Cir. 1971); Hicks v. Gardner, 393 F.2d 299 (4th Cir. 1968). Accordingly, “the court
[must] uphold the [Commissioner’s] decision even should the court disagree with such
decision as long as it is supported by ‘substantial evidence.’” Blalock v. Richardson, 483
F.2d 773, 775 (4th Cir. 1972). As noted by Judge Sobeloff in Flack v. Cohen, 413 F.2d
278 (4th Cir. 1969), “[f]rom this it does not follow, however, that the findings of the
administrative agency are to be mechanically accepted. The statutorily granted right of
review contemplates more than an uncritical rubber stamping of the administrative
action.” Id. at 279. “[T]he courts must not abdicate their responsibility to give careful
scrutiny to the whole record to assure that there is a sound foundation for the
[Commissioner’s] findings, and that his conclusion is rational.” Vitek, 438 F.2d at 115758.
Plaintiff filed objections to the Report and Recommendation on December 1,
2016. (ECF No. 35.) She objects to the Magistrate Judge’s recommendation
concerning, inter alia, the Appeals Council’s decision to deny review of Plaintiff’s case
based on the new evidence Plaintiff submitted, and the ALJ’s failure to properly analyze
Plaintiff’s ability to perform past relevant work.
Very respectfully, these objections are the precise matter raised to the Magistrate
Judge and appropriately rejected in her thorough thirty-five page Report. (See R&R at
17–34); see also Hendrix v. Colvin, 2013 WL 2407126, at *4 (D.S.C. June 3, 2013);
Jackson v. Astrue, 2011 WL 1883026 (W.D.N.C. May 17, 2011); Aldrich v. Bock, 327 F.
Supp. 2d 743, 747 (E.D. Mich. 2004). Nevertheless, the Court employs de novo review
to consider Plaintiff’s specific arguments.2
Plaintiff first asserts that the Appeals Council erred in denying review of Plaintiff’s
case based on the new evidence she submitted. (ECF No. 35 at 6.) She asserts that the
submitted evidence indeed relates back to the requisite time period and that there is a
reasonable possibility this evidence would have changed the outcome. (Id.)
Evidence submitted to the Appeals Council with a request for review must be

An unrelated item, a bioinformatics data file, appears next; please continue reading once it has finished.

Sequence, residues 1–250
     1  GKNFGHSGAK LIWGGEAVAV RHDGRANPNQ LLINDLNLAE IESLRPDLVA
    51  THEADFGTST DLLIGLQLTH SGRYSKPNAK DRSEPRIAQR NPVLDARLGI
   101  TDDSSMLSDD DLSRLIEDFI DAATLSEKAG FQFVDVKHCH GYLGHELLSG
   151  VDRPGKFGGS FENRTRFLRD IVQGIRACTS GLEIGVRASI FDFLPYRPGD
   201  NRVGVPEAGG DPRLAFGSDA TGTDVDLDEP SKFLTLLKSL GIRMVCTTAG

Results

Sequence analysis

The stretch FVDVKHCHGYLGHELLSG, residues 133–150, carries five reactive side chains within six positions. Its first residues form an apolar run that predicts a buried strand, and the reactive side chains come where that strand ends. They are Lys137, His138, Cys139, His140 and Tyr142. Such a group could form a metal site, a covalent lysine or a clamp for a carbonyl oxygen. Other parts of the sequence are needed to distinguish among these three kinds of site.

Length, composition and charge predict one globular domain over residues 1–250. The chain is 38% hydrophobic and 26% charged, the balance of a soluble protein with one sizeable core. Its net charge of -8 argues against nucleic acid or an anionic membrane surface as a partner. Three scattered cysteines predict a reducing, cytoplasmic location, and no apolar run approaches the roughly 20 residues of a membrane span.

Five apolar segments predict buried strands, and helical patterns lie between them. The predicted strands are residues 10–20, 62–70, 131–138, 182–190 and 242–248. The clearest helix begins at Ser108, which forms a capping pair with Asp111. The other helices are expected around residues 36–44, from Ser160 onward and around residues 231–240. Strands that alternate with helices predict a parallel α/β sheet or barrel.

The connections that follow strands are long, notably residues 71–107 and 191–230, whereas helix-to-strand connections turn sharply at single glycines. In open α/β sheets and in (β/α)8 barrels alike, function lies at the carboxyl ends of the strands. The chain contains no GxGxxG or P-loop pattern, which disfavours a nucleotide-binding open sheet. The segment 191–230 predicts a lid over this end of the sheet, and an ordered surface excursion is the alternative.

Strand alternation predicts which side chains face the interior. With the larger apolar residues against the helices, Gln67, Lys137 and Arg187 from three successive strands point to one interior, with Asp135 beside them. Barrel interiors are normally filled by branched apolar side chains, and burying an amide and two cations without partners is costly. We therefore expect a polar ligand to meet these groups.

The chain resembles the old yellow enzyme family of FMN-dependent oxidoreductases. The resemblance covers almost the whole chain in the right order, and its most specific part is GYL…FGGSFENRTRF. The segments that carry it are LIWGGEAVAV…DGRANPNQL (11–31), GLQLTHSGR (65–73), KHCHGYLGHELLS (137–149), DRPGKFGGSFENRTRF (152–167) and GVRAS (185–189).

considered in deciding whether to grant review “if the additional evidence is (a) new, (b)
material, and (c) relates to the period on or before the date of the ALJ’s decision.”
Wilkins v. Sec’y, Dep’t of Health & Human Servs., 953 F.2d 93, 95–96 (4th Cir. 1991)
(en banc) (internal quotation marks and citation omitted). Evidence is new “if it is not
duplicative or cumulative.” Id. at 96. “Evidence is material if there is a reasonable
possibility that the new evidence would have changed the outcome.” Id. “[P]ost-[ALJ
decision] medical evidence generally is admissible in an SSA disability determination in
such instances in which that evidence permits an inference of linkage with the
claimant’s pre-[ALJ decision] condition.” Bird v. Comm’r of Soc. Sec. Admin., 699 F.3d
337, 341 (4th Cir. 2012) (citation omitted). Nonetheless, evidence should not be given
retrospective consideration where there is no support for the existence of impairments
or the severity alleged prior to the date of the ALJ’s decision. See Johnson v. Barnhart,
434 F.3d 650, 655–56 (4th Cir. 2005) (per curiam). When a claimant seeks to present
As always, the Court says only what is necessary to address such arguments against the already
meaningful backdrop of a thorough Report of the Magistrate Judge, incorporated entirely by specific
reference, herein, to the degree not inconsistent. Exhaustive recitation of law and fact exists there.
new evidence to the Appeals Council, he is not required to show good cause for failing
to present the evidence earlier. Id. at 96 n.3; cf. 20 C.F.R. § 404.970(b).
Plaintiff presented to the Appeals Council the following “new” evidence: 1) South
Carolina DMV records dated September 25, 2014 and March 12, 2015; 2) medical
records from Roper St. Francis dated August 21, 2014, September 25, 2014 to January
27, 2015, March 13, 2015, June 12, 2015, and July 2, 2015; 3) medical records from
MUSC dated October 15, 2014; and 4) medical records from Lowcountry Hematology
and Oncology dated January 14, 2015 and June 10, 2015. (Tr. 2.)
The Appeals Council concluded that the new information was about a later time
and thus did not impact the decision. (Tr. 2.) Accordingly, the Appeals Council denied
review. (Tr. 1.) The Magistrate Judge determined that the new information that Plaintiff
sought to introduce was not material because it does not relate to Plaintiff’s condition
prior to the ALJ’s decision and that, regardless, the new information would not have
changed the outcome. (ECF No. 32 at 33–34.) The Court agrees.
Plaintiff argues that the highlighted records relate back to the requisite time
period because they reflect the “continuation of treatment that Plaintiff received from Dr.
Robinson and Dr. Barron.” (ECF No. 35 at 5.) She further argues the records from Dr.
Rick Olson (“Dr. Olson”) at MUSC should have been considered because he was one of
her treating physicians and he opined that she would benefit from medical disability
With respect to Dr. David Robinson (“Dr. Robinson”), Plaintiff’s primary care
physician, the record before the ALJ included a statement he gave on January 3, 2014,
for purposes of an application for a disabled placard. (Tr. 454.) That statement indicated
that Plaintiff temporarily could not walk one hundred feet nonstop without aggravating
an existing medical condition, including the increase of pain. (Tr. 454.) In his decision,